Attempts are sometimes made to “awaken” kundalini in order to develop those powers, but that is reversing priorities. Some of the powers can be developed artificially by force, but that is not enlightenment, merely premature forcing. The natural and normal development of the siddhis is a result of the enlightenment process, and it is the process of enlightenment that is symbolized by the “awakening” of kundalini. To work at “awakening” kundalini to attain psychic powers is to mistake the means for the end, the letter for the spirit, the consequence for the cause. Keep in mind the opening words of The Voice of the Silence: “These instructions are for those ignorant of the dangers of the lower iddhi.” In The Perennial Dictionary of World Religions, ed. Keith Crim (New York: Harper, 1989), the article on kundalini, written by an anthropologist at Syracuse University cautions: “The ascent of kundalini generates occult powers which the earnest Yogi must ignore, because they impede the achievement of redemption. Since partial arousal of kundalini is dangerous, kundalini yoga must not be undertaken without the guidance of a qualified Guru.” That teaching and caution that has always been given by Theosophy as well.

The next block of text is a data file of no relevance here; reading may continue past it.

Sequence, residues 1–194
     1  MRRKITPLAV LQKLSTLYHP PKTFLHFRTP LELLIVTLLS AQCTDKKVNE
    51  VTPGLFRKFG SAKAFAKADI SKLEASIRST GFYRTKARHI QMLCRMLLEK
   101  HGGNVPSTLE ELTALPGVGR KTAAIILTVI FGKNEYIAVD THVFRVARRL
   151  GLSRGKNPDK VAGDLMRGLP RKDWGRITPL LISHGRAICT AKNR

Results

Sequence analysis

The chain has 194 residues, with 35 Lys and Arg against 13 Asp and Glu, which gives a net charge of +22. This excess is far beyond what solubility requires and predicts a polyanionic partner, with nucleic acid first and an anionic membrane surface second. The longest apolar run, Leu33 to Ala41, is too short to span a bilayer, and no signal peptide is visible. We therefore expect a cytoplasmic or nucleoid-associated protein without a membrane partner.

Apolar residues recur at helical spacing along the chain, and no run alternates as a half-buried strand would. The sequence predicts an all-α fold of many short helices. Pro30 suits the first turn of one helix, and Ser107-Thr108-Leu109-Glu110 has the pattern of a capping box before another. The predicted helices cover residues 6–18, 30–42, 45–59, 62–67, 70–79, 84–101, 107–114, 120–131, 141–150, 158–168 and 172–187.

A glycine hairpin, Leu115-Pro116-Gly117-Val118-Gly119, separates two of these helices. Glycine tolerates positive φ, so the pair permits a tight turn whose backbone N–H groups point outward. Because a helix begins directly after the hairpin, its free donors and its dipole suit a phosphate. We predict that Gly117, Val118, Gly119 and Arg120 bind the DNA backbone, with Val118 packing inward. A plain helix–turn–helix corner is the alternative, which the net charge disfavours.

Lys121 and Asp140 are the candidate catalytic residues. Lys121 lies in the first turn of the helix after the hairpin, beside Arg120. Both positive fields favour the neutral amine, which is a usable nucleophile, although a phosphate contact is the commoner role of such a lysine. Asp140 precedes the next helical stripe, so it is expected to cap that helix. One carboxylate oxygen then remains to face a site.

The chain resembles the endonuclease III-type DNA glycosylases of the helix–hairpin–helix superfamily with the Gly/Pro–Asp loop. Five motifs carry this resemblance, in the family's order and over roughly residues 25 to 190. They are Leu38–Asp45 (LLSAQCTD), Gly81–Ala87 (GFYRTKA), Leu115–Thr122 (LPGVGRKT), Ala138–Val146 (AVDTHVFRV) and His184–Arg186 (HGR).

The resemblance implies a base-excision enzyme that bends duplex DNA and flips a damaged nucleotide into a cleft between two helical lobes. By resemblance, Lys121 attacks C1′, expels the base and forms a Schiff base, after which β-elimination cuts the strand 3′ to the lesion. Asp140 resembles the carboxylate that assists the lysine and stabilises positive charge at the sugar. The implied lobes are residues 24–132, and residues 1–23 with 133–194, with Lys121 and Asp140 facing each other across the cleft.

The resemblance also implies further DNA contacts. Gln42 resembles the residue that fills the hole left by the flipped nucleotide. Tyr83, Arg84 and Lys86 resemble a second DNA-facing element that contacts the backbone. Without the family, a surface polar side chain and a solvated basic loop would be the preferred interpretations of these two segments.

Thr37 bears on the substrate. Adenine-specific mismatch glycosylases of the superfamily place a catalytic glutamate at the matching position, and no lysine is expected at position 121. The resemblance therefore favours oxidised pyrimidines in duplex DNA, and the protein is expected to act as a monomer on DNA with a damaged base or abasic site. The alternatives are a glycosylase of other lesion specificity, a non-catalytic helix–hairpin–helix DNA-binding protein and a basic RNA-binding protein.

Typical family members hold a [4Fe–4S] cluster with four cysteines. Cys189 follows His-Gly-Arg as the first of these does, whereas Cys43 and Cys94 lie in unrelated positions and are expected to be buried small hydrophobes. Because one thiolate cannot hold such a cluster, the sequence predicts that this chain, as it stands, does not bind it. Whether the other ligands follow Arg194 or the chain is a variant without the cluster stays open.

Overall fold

The “centering” of our principles occurs when the fiery power retires “into the inmost chamber, the chamber of the Heart.” The heart is a symbol of Buddhic intuition, direct knowledge of reality. That is the highest iddhi or siddhi. That retiring into the heart should happen before the lower siddhis are activated, for then they can be used in the light of the higher wisdom. Used without the light of that wisdom, the lower siddhis are not the World’s Mother (the higher siddhi of kundalini) but the serpents coiled under every flower in the Hall of Learning of verse 26.In verse 39, kundalini rises from the heart to “the place between thine eyes,” that is, the brow chakra. The latter is associated with the principle of higher manas. The active power of buddhi must first be centered in its own intuitive wisdom; then it can be transformed to an intellectual understanding of the world. Intuition (inner knowledge) precedes mentation (outer knowledge). The heart (not sentimentality, but compassionate wisdom) comes before the brain (intellection).